For instance, if you are self-employed and your business has suffered during the last 10 months so your profits during 2020/21 are unusually low, this could apply to you. For more details on reducing payments on account if you are self-employed, see our guidance on payments on account. But don’t forget to include any taxable coronavirus grants (such as payments received from the Self Employment Income Support Scheme) as taxable income in 2020/21 before working out whether you can reduce your payments on account.
By way of example, Jill is a self-employed beautician. She prepares her accounts to 31 March each year. This is her only source of income. Her accounts for the year to 31 March 2020 showed a profit of £18,000. Between 23 March 2020 and the end of December 2020, she has only worked for three months but she hopes to be able to continue working up to 31 March 2021, depending on the extent of coronavirus restrictions. Jill estimates that her profits for the six months she thinks she will work this year will be at most £9,000.
However, Jill received two grants under the Self Employed Income Support Scheme, a payment of £3,000 in June 2020 and a payment of £2,625 in August 2020. Therefore when Jill considers how much her payments on account for 2020/21 should be and whether she can reduce them, she must base her calculations on taxable income for 2020/21 of £14,625 (ie £9,000 + £3,000 + £2,625) and not just the £9,000.
What if I can’t use HMRC’s online payment plan tool?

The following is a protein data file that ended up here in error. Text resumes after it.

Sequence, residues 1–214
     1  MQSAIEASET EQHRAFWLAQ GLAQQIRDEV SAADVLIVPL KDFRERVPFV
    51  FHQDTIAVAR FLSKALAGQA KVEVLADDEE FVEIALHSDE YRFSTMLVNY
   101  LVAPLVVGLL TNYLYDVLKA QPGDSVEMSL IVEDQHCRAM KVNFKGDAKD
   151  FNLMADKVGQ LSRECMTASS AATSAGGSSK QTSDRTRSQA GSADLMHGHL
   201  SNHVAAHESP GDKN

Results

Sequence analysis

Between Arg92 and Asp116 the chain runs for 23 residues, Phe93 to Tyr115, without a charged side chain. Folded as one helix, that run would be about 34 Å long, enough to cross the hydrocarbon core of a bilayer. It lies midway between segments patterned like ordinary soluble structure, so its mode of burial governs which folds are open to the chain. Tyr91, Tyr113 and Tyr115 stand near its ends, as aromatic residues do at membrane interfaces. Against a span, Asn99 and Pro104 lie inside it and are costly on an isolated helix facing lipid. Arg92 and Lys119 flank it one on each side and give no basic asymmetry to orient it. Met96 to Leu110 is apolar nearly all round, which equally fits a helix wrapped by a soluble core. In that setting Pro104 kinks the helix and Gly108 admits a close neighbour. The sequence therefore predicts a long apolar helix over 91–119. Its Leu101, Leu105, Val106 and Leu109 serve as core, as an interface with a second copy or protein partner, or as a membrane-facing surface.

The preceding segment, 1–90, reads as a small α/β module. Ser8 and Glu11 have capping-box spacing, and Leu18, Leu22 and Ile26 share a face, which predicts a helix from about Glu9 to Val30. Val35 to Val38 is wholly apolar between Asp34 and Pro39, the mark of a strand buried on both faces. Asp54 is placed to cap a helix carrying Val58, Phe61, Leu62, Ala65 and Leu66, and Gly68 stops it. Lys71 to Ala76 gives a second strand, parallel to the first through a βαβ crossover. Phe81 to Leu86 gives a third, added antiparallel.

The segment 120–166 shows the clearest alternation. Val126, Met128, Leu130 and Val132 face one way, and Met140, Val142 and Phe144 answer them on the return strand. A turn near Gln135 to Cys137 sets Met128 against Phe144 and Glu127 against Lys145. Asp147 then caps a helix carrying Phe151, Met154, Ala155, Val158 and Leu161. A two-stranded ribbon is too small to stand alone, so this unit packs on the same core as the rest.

If you can’t use HMRC’s online payment plan tool, you can still contact HMRC to discuss setting up a payment plan.
This can be done either via HMRC’s Self Assessment payment helpline (0300 200 3822) or their coronavirus helpline (0800 024 1222).
If you are asking to spread your payments over more than 12 months, HMRC are likely to need more information such as details of current income and expenses before agreeing to a longer payment period.
What if I am receiving tax credits or universal credit?
If you receive tax credits, universal credit or other means-tested benefits and have a tax bill to pay in January 2021 and you can show that you don’t have any spare income to afford an instalment arrangement, contact HMRC (see question above for helpline details) and explain your situation to them. HMRC might agree that you do not need to make any payments towards the tax bill in the short term.
It is likely you will be asked to keep HMRC regularly updated as to your financial position (for example, calling them every three months) so the situation can be kept under review. If your income position changes and you are no longer in receipt of benefits, HMRC will expect an instalment arrangement to be put in place.
Where can I find help if I am having trouble completing my 2019/20 self assessment tax return?
If you are struggling to fill in your Self Assessment tax return, read our guidance suggesting where you can get help.
If you are self-employed you may find our booklet Self Employment: A LITRG guide helpful.
Contact: Sharron West (click here to Contact Us)
(First published: 11/12/20)